"Community-Driven" in Practice
Jasdeep Kler, Epidemiology Student and PHAST Member
June 28, 2019, Community Partnership, Mental Health, Practice
During a seminar discussion on “community-driven” policy this past year, my classmate asked, “What do you mean by community?” And for a moment I was at a loss for words, I wasn’t sure what I meant. The idea of community? The principal of a social network? But who specifically was I referring to?
At this moment, I realized an unsettling truth – “community” like many other important public health concepts had undergone “buzzwordification.” It was thrown around frequently because it sounded good but no longer held any real meaning. From that moment, I promised myself I’d be more intentional and define what I meant by community and recognize which community organizations or leaders voices I would support.
Later in the school year, I started searching for an organization that I could volunteer with. The first step involved some critical self reflection - what tangible skills or knowledge could I realistically offer? In my undergraduate career, I had experience working at the Center for Healthy Minds, a mindfulness lab run by Dr. Richie Davidson, and had practiced mindfulness myself for over a decade. From personal experience, I understood how mindfulness could help youth recover from hardship and build resilience. It was during this search that I was connected with the Youth Arts Alliance (YAA), an organization that has been implementing art programs in youth detention facilities for the last six years. Similar to many other community organizations, YAA was doing impactful work, but what impressed me the most was how the organization was moving beyond art programming to advocating for institutional and structural change. YAA is targeting root causes of punishment by partnering with community organizers, advocates, artists, representative of the juvenile justice system, and academics to move upstream and prevent youth from entering the system in the first place. The first step of this process was the creation of a secure space dedicated to creativity and community. The Parkridge Community Center, a staple of the Ypsilanti community, was gracious enough to provide underutilized space that would be converted into an art and music studio.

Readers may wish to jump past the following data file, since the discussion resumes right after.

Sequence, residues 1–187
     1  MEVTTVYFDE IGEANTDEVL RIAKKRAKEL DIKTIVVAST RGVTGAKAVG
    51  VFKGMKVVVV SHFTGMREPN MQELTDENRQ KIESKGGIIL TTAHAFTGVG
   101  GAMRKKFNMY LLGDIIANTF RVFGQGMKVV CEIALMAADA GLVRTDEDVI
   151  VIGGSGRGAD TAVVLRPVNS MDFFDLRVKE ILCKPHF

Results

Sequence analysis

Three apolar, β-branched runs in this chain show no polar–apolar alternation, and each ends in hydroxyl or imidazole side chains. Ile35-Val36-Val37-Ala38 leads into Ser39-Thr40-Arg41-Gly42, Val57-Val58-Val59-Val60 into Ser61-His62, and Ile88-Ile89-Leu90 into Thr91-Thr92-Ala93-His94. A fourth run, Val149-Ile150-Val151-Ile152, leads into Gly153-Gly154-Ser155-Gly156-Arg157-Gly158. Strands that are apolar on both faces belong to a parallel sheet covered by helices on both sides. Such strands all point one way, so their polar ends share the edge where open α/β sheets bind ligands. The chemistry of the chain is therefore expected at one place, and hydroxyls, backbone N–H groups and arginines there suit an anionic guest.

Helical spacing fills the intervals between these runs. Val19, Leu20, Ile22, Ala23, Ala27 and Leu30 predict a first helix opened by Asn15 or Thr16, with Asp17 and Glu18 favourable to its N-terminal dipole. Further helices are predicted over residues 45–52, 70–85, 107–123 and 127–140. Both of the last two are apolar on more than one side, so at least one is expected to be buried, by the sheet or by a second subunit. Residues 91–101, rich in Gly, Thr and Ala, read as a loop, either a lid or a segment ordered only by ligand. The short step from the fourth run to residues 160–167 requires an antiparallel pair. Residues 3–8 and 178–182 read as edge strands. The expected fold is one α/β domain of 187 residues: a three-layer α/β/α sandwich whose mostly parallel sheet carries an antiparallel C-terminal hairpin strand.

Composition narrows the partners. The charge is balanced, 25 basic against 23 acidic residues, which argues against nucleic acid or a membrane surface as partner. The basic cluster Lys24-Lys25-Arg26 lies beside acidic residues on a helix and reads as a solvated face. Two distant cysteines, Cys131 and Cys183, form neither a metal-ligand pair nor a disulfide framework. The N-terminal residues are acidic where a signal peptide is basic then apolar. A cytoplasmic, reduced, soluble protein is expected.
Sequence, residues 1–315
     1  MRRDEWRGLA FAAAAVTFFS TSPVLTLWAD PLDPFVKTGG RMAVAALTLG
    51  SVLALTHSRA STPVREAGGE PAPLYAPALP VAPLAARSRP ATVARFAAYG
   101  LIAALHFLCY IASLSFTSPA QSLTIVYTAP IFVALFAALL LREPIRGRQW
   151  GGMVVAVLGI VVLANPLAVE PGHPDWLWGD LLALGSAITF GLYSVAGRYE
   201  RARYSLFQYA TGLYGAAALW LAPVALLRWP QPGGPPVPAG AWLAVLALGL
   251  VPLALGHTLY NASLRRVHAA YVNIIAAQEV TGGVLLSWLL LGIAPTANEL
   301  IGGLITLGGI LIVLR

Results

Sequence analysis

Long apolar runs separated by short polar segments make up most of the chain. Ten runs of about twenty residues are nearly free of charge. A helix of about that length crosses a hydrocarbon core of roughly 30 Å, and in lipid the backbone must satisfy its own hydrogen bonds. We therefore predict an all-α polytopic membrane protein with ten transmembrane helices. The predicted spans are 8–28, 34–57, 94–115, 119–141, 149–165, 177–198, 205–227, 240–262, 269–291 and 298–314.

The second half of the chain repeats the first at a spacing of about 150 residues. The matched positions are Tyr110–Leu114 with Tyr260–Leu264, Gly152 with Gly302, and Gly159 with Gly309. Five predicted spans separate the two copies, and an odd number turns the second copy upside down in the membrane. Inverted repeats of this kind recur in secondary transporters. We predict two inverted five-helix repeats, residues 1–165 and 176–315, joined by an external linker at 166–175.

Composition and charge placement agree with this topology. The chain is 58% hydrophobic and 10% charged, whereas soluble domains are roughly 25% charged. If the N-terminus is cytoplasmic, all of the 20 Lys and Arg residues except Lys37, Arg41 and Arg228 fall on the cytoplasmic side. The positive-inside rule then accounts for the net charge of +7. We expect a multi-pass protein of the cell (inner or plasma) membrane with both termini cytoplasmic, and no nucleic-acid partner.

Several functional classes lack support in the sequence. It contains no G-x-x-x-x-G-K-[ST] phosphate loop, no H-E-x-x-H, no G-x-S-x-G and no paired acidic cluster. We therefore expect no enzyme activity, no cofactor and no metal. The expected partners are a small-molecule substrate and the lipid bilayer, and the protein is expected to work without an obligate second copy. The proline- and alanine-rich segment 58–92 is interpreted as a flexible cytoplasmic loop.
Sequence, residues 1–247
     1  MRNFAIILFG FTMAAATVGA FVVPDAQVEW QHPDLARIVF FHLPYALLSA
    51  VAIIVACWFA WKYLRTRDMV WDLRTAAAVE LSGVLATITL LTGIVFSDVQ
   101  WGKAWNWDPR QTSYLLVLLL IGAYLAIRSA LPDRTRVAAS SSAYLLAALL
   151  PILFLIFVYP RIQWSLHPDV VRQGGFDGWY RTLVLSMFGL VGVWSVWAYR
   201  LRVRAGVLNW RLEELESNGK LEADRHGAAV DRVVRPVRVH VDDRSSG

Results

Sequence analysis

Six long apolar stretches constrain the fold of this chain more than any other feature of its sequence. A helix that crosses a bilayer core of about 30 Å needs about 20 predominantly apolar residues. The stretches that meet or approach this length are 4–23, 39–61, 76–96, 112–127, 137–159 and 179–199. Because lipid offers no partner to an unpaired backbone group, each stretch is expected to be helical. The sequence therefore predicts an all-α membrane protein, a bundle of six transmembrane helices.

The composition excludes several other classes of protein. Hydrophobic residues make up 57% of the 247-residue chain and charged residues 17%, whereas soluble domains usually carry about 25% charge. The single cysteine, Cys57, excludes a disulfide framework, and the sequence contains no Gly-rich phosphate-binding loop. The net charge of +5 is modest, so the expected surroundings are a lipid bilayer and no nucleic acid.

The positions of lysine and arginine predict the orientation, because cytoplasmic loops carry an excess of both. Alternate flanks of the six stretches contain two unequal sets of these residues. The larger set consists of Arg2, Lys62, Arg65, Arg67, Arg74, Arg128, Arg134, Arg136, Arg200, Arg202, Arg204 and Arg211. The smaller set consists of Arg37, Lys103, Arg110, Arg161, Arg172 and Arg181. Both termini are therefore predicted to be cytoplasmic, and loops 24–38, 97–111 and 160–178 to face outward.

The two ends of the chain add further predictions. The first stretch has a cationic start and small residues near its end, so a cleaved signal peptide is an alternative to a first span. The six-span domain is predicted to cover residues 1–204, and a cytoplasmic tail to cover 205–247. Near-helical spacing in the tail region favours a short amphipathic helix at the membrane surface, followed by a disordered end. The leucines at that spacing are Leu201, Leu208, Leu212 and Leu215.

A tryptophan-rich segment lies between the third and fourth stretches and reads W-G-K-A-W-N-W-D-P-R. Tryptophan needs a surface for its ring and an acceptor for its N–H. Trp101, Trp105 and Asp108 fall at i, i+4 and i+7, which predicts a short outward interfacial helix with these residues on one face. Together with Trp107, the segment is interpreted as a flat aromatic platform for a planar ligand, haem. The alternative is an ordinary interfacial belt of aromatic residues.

Jasdeep and a young man work on a wall-to-wall mural inside the new art and music
studio inside of Parkridge Community Center.
YAA was also intentional with it’s leadership structure. Recognizing the necessity for community voices, YAA was adopting a “Youth As Cultural Leaders” model in which youth from the community center’s neighborhood would be the primary drivers of programming. Every decision would go through the youth board and be discussed. This democratization of the organization gave me the confidence our work was honestly “community-driven.”
Youth Arts Alliance instructors and artists Yusuf Lateef and Akili Jackson
My project, after receiving input from the youth and instructors, was to build a trauma-informed mindfulness curriculum utilizing a “teach the teacher” model in which I would teach the program to youth leaders who would then disseminate the practice to other community members. The first step of the process was to start building a relationship with youth and understanding their perspective, sources of resiliency, and struggles. The most hopeful aspect thus far has been the incredible resiliency and leadership the youth have demonstrated. Many of them have interacted with the criminal punishment system, yet they have taken on the responsibility to improve their community – actively filling gaps that had long gone unaddressed. These aren’t youth who need saving, but rather true community leaders and advocates who need society to give them space to stand and thrive. I am beyond excited to support these youth as they develop a community, culture, and society that is more just and equitable than the one they currently inhabit.